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Perl r/w Excel with OLE

by Henry07 (Initiate)
on Jun 28, 2012 at 08:26 UTC ( #978853=perlquestion: print w/ replies, xml ) Need Help??
Henry07 has asked for the wisdom of the Perl Monks concerning the following question:

Hello,
I m using Perl module WIN32::OLE to read and write Excel. It works fine except when I have an error in my Perl code, so the programm does not end but hangs. When I stop the Browser where my Perl programm runs, the OLE instance of Excel is probably not closed. Only turning of the PC and starting again closes this instance (so far I can see).

What other way is there to close my workbook ($Book->Close;) in case of an error in my Perl prog ?

Thanks for any help

Henry

Comment on Perl r/w Excel with OLE
Re: Perl r/w Excel with OLE
by marto (Chancellor) on Jun 28, 2012 at 08:53 UTC

    IIRC $Book->Close; simply closes the active workbook, not the Excel application, try $Excel->Quit(); or double check the documentation.

      Hello marto,

      At the end of my prog there is $Book->Close; this closes it nicely, but it is only executed when my program reaches the end ;-)

      Henry

Re: Perl r/w Excel with OLE
by Corion (Pope) on Jun 28, 2012 at 08:57 UTC

    For conveniently shutting down Excel or the connected workbook, see the "destructor" option to the new() constructor. It will execute a subroutine when your program finishes.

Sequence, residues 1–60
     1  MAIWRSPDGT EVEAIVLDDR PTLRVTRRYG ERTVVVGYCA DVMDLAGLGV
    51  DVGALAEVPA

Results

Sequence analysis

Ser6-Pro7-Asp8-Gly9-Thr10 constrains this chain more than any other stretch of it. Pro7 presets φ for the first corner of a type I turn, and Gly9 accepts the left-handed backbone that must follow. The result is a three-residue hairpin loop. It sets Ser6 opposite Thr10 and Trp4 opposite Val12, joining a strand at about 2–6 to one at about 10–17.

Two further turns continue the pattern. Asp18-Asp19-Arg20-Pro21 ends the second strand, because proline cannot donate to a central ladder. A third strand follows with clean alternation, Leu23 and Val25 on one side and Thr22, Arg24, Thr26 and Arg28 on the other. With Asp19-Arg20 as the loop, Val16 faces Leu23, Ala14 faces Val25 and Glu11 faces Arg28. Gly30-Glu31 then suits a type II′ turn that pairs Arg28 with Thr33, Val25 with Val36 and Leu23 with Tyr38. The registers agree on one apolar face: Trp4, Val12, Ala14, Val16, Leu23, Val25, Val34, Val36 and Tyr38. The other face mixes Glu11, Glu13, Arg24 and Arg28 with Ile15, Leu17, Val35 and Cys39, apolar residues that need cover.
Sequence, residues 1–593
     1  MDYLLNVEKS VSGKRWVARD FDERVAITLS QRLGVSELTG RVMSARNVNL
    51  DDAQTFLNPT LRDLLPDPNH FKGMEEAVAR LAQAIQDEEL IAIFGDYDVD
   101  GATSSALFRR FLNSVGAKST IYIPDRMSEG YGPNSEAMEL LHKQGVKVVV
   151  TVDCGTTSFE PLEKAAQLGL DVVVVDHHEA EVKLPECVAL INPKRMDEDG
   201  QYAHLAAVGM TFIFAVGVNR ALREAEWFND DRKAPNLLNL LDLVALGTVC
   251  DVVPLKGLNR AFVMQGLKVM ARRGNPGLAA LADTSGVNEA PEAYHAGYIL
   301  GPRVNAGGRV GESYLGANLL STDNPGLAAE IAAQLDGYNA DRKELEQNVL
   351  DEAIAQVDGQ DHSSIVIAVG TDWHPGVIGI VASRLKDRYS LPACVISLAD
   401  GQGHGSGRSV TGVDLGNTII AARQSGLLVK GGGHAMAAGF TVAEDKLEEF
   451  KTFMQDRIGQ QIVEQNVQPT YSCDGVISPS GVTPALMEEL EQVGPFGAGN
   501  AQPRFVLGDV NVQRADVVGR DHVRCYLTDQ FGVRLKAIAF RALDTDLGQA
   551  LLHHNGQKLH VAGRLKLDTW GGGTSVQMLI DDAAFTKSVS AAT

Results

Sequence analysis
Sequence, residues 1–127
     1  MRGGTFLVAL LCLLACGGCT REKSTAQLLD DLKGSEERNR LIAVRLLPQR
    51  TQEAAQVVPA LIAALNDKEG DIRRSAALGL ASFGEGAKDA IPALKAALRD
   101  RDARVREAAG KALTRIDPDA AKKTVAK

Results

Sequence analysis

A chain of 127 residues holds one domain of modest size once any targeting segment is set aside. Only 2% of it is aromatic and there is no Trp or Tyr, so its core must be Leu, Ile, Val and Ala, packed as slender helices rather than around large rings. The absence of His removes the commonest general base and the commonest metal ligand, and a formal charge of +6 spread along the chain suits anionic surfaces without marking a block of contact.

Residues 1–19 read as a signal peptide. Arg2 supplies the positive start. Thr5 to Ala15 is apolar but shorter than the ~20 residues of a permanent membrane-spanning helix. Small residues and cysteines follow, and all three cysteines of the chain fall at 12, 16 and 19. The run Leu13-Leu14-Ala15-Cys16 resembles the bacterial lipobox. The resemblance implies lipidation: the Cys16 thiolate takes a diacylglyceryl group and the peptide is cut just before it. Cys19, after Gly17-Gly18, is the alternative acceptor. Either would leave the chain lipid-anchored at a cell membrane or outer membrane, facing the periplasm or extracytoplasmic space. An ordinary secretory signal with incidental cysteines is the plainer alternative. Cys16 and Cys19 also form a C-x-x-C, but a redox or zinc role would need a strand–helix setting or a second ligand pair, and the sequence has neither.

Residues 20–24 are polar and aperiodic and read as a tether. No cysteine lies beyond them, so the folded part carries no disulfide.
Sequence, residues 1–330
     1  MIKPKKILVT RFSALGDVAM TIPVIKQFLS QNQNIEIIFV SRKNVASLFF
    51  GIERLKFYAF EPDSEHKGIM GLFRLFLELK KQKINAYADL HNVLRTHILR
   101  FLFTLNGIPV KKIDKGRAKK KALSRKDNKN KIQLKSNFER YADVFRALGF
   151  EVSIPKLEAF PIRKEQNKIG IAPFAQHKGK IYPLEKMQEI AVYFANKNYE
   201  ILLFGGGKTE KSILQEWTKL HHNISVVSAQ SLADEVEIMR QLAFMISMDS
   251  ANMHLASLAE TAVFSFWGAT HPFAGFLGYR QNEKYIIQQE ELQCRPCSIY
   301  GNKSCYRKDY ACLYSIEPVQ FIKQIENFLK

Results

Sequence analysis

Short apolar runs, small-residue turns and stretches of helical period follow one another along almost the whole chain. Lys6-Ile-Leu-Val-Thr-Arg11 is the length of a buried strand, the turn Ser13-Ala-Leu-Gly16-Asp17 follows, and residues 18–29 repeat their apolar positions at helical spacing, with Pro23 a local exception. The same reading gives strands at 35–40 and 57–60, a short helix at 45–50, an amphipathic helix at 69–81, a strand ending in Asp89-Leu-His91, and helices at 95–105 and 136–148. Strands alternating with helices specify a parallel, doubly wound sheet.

The hard way of cleaning up short of rebooting is to kill all instances of excel.exe, either manually through the task manager (taskmgr.exe) or with Perl through parsing tasklist.exe output and kill.

      To expand on this, the EXAMPLES section of the Win32::OLE documentation gives a complete walk-through example that shows the quit command for the destructor:
      use Win32::OLE; # use existing instance if Excel is already running eval {$ex = Win32::OLE->GetActiveObject('Excel.Application')}; die "Excel not installed" if $@; unless (defined $ex) { $ex = Win32::OLE->new('Excel.Application', sub {$_[0]->Quit;}) or die "Oops, cannot start Excel"; } # get a new workbook $book = $ex->Workbooks->Add; # write to a particular cell $sheet = $book->Worksheets(1); $sheet->Cells(1,1)->{Value} = "foo"; # write a 2 rows by 3 columns range $sheet->Range("A8:C9")->{Value} = [[ undef, 'Xyzzy', 'Plugh' ], [ 42, 'Perl', 3.1415 ]]; # print "XyzzyPerl" $array = $sheet->Range("A8:C9")->{Value}; for (@$array) { for (@$_) { print defined($_) ? "$_|" : "<undef>|"; } print "\n"; } # save and exit $book->SaveAs( 'test.xls' ); undef $book; undef $ex;